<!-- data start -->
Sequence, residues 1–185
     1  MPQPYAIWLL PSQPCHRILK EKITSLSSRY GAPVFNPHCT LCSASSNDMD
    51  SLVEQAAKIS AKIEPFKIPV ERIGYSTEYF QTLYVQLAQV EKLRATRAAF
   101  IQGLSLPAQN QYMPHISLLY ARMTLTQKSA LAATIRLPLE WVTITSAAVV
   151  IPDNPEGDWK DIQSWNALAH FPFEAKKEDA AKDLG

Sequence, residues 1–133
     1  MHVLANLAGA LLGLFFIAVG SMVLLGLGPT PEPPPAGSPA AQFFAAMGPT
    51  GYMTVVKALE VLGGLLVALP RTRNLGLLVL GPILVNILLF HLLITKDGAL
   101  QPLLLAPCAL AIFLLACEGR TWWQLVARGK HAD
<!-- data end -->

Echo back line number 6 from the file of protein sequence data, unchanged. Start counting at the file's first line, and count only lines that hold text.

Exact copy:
Sequence, residues 1–133